Thursday, June 11, 2009

The Super Surveillance State

Yesterday’s Daily Telegraph reported on the EU plans to ‘enhance’ pan-European ‘security’. As we have come to expect by now, proposals to achieve this end would have received wholehearted support from the Nazi Party.

Under the guise of the Stockholm programme, July 15 will see the final proposals for the EU’s internal security plan. These directives will override national sovereign legislation, bringing a taste of dictatorial life under our Euro superstate. Jacques Barrot, the European justice and security commissioner has stated that the aim was to "develop a domestic security strategy for the EU", historically a role which would be left to individual nation states.

But civil rights leaders and right-minded people see this as a surveillance superstate. Tony Bunyan, of the European Civil Liberties Network (ECLN) warned that "An increasingly sophisticated internal and external security apparatus is developing under the auspices of the EU," "In five or 10 years time when we have the surveillance and database state people will look back and ask, 'what were you doing in 2009 to stop this happening?"

Precisely. While this government is behaving like the proverbial wet rag with Brown posturing for continued power, ministers disappearing right, left and centre and cabinet shuffles every other week, the media spends most of its time using the upheaval as a useful smokescreen to divert people’s attention away from the vitally crucial issues that directly threaten our futures, while a fascist surveillance state is being assembled behind closed doors, largely evading mainstream news coverage.

Law enforcement and public security agencies will be sharing DNA records and fingerprint databases, storing them for new electronic EU ID cards. Surveillance footage and that gathered from the internet will be amassed, along with satellite surveillance, automated entry/exit border biometric readers and risk profiling systems. This will be the new Europe, all built upon the phony 'war on terror'. But, of course, now we are the terrorists!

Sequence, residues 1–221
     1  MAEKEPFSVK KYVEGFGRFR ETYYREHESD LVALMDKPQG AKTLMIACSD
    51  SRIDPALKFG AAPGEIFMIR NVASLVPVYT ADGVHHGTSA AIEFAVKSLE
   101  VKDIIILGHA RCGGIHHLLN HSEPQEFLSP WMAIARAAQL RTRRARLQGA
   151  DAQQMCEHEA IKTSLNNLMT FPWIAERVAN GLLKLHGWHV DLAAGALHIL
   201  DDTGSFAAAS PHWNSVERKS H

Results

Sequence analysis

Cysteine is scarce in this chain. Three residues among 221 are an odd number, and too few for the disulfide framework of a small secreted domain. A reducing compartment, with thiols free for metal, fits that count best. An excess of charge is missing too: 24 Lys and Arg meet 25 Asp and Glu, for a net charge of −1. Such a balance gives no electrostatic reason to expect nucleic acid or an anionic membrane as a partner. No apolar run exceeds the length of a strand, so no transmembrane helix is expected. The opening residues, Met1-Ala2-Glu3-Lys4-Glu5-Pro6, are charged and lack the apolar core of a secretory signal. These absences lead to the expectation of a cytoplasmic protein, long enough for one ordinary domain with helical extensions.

EU officials have openly admitted to the Daily Telegraph that these measures will be highly controversial, so will need to be contained (ie camouflaged) within the Lisbon Treaty, now only awaiting Ireland’s ratification in the Autumn (they should be so lucky to even get to vote!). The Treaty already has built into it a secretive new Standing Committee known internally as COSI, which is designed to co-ordinate security policy across borders involving trans-European agencies such as Europol, the Frontex borders agency, the European Gendarmerie and Brussels-based intel-sharing Joint Situation Centre or Sitcen.

Just what sort of a nightmare are we headed towards, unless we stir up total opposition to this super-Orwellian scenario. And we must!

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